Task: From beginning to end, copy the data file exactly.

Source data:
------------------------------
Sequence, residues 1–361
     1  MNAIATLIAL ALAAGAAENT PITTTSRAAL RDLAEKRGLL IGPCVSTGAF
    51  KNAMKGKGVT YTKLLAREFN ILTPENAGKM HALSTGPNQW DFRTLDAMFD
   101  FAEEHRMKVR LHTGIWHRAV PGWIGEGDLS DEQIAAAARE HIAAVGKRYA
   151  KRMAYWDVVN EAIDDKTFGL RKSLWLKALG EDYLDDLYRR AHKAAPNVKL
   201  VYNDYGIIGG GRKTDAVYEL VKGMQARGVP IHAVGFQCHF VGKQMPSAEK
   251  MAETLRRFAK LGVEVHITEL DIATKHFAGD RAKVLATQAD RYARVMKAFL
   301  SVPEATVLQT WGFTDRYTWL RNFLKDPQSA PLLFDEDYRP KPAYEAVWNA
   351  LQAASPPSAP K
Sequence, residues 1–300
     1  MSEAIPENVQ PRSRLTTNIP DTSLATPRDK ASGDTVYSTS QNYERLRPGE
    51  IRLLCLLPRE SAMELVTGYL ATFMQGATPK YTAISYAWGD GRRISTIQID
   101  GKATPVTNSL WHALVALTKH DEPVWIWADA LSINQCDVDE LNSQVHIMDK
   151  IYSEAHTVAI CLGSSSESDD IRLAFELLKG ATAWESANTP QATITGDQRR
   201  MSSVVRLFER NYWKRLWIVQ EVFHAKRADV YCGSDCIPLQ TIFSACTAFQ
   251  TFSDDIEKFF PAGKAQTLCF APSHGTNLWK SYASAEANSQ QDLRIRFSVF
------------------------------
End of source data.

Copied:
Sequence, residues 1–361
     1  MNAIATLIAL ALAAGAAENT PITTTSRAAL RDLAEKRGLL IGPCVSTGAF
    51  KNAMKGKGVT YTKLLAREFN ILTPENAGKM HALSTGPNQW DFRTLDAMFD
   101  FAEEHRMKVR LHTGIWHRAV PGWIGEGDLS DEQIAAAARE HIAAVGKRYA
   151  KRMAYWDVVN EAIDDKTFGL RKSLWLKALG EDYLDDLYRR AHKAAPNVKL
   201  VYNDYGIIGG GRKTDAVYEL VKGMQARGVP IHAVGFQCHF VGKQMPSAEK
   251  MAETLRRFAK LGVEVHITEL DIATKHFAGD RAKVLATQAD RYARVMKAFL
   301  SVPEATVLQT WGFTDRYTWL RNFLKDPQSA PLLFDEDYRP KPAYEAVWNA
   351  LQAASPPSAP K
Sequence, residues 1–300
     1  MSEAIPENVQ PRSRLTTNIP DTSLATPRDK ASGDTVYSTS QNYERLRPGE
    51  IRLLCLLPRE SAMELVTGYL ATFMQGATPK YTAISYAWGD GRRISTIQID
   101  GKATPVTNSL WHALVALTKH DEPVWIWADA LSINQCDVDE LNSQVHIMDK
   151  IYSEAHTVAI CLGSSSESDD IRLAFELLKG ATAWESANTP QATITGDQRR
   201  MSSVVRLFER NYWKRLWIVQ EVFHAKRADV YCGSDCIPLQ TIFSACTAFQ
   251  TFSDDIEKFF PAGKAQTLCF APSHGTNLWK SYASAEANSQ QDLRIRFSVF